Roy Goble is a down-to-earth kinda guy with a fun and wacky sense of humor. Yet, he also has great business sense and now -- a big bucket of money.
Roy’s recently released book Junkyard Wisdom is the transparent and often humorous story of his wrestlings. In light of what Jesus says about money and wealthy people, is it even possible to be a faithful but wealthy follower? What would be the best way to benefit the poor, while protecting his own soul? Maybe he should just give it all away.
One of the problems of money is that it walls the poor off from the wealthy. Out of sight, out of mind. The rich unintentionally end up suffering a kind of amnesia in regard to those on the margins. But Jesus seems pretty adamant that following him involves welcoming the poor and marginalized into your life. All that sounds pretty messy and as Roy struggles -- it is.
Roy tells his story -- stories -- starting in his father’s San Jose, California junkyard, which became the seedbed of his own Goble Properties real estate empire. The journey moves in an engaging way through rural Belize, the ghettos of Thailand, and back into the affluent San Francisco Bay Area. There is a sense of playfulness throughout -- including a cameo appearance by radical Christian activist Shane Claiborne in one of the footnotes. Shane indirectly calls Roy out on one of his ideas.
Goble and co-author D. R. Jacobsen are able to maintain tension as the story unfolds, finally finding a sense of resolve in the end. Yet the question remains for the reader to decide whether it is adequately resolved.
The fact is that this book would not have appeared on my radar so quickly except that Roy wrote it. We grew up eight houses down from each other in the Willow Glen area of San Jose. He was best buds with one of my younger brothers throughout elementary school and was nearly a family member in our house during those years.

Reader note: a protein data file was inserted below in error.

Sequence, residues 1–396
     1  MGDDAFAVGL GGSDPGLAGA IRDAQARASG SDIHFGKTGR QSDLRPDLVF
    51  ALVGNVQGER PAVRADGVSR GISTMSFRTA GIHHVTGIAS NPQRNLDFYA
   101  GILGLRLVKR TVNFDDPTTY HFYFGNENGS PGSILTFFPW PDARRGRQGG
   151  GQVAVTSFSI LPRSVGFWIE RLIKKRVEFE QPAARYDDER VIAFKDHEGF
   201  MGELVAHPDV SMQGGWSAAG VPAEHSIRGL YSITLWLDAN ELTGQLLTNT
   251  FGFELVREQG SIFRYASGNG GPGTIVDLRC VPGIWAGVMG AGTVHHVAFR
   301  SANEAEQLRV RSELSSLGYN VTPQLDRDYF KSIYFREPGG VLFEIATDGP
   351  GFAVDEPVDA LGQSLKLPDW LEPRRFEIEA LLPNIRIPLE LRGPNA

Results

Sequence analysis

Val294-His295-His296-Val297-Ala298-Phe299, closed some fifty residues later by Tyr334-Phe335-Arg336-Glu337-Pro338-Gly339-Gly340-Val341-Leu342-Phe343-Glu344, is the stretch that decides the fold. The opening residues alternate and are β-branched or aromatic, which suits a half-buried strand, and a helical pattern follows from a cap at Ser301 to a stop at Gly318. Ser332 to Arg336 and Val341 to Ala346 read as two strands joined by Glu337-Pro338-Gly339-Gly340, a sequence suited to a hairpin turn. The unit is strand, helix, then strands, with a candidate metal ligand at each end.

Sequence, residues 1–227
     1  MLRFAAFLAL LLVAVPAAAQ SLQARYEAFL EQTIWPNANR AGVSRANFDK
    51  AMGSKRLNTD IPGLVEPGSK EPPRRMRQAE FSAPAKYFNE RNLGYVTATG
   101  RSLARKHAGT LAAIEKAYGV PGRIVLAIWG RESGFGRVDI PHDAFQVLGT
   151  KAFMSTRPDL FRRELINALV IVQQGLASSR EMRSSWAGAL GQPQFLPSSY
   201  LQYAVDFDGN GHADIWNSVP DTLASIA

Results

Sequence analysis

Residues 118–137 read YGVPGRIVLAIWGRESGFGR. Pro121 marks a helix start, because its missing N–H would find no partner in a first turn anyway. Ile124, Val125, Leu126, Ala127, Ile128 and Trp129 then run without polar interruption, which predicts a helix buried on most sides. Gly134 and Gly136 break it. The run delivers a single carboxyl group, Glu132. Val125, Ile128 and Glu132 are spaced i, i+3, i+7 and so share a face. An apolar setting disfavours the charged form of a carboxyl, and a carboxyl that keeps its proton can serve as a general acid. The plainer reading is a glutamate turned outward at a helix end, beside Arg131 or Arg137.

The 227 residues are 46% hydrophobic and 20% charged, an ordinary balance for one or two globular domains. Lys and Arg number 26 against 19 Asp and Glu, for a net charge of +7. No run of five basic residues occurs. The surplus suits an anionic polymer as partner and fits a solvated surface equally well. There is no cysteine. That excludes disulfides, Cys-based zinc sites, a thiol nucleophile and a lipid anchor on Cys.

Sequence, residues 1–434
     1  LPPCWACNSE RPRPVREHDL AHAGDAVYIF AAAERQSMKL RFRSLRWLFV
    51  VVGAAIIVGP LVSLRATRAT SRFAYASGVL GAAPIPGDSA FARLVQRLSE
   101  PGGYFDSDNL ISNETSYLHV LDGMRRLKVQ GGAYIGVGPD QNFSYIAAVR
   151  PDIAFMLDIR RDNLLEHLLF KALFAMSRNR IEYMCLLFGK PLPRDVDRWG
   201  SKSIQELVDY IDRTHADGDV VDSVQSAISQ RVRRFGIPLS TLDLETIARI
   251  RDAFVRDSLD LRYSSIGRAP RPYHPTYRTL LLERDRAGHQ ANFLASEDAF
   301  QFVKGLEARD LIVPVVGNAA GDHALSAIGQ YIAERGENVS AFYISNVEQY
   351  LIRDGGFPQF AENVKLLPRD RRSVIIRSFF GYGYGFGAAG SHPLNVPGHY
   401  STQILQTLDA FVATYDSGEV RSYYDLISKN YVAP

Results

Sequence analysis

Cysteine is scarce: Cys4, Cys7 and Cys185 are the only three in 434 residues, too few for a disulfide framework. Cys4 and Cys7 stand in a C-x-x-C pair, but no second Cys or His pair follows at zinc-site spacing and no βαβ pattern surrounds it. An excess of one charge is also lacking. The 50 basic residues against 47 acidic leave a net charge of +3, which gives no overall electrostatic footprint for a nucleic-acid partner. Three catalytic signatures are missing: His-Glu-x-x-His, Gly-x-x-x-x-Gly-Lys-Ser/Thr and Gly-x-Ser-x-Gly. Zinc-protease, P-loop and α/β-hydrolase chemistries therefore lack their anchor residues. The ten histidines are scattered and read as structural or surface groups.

I’ve enjoyed knowing him as an adult through his blog and Facebook posts. He has become a spiritually insightful story-teller. Junkyard Wisdom is Roy at his best with relevant questions, clear thinking, and application -- even for those of us who don’t have the wealth-generation gift. And you certainly don’t have to know him to realize that this is a unique book filled with fodder for necessary discussion. But I’m pretty certain that after reading the book you’ll feel like you know him, too.
Sunday, August 14
Friday, August 12
Wednesday, July 20
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The birds have long been at it but I've finally harvested my first tuna (fruit) from our huge Indian Fig (Opuntia ficus-indica) at Boydston Manor. They do require special handling to avoid the glochid tufts (spines). But it is easy enough slice the skin off the tuna.
The tuna has a pleasant fruity flavor -- perhaps a cross between a strawberry and a fig. The texture reminds me of a kiwi and like the kiwi there are plenty of seeds. But they are easily separated from the fruit in your mouth.
Ideally I would allow the fruit to ripen more before harvesting. But the birds have been aggressive.
I planted this Indian Fig from a paddle cutting I got from someone six years ago and this is the first year it has fruited. If anyone would like a cutting I'm happy to share. This cactus is native to central Mexico.
Monday, June 27
Wednesday, June 8
My sense of the situation is that much of what we think and do is motivated by fear -- fear that someone is trying to take our place in line. But that very fear prevents us from realizing that we're standing in the wrong line and that the only reason others are interested in the line is that we're standing in it.
The Lord is on my side,
and I am not afraid
of what others can do to me.
With the Lord on my side,
I will defeat all
of my hateful enemies.
It is better to trust the Lord
than to trust anyone else,
including strong leaders.
~ Psalm 118:6-9 (CEV)
Friday, April 15
Thursday, April 14
There has been considerable interest in my quinoa experiment. I'm trying to figure out if it can be grown in the low desert and if so, what would be the best planting rhythm. This is the cherry vanilla variety. It's now up to 22 inches and is starting to develop flowers. I planted in the second week of January. At this point we have not yet had any days over 100°F.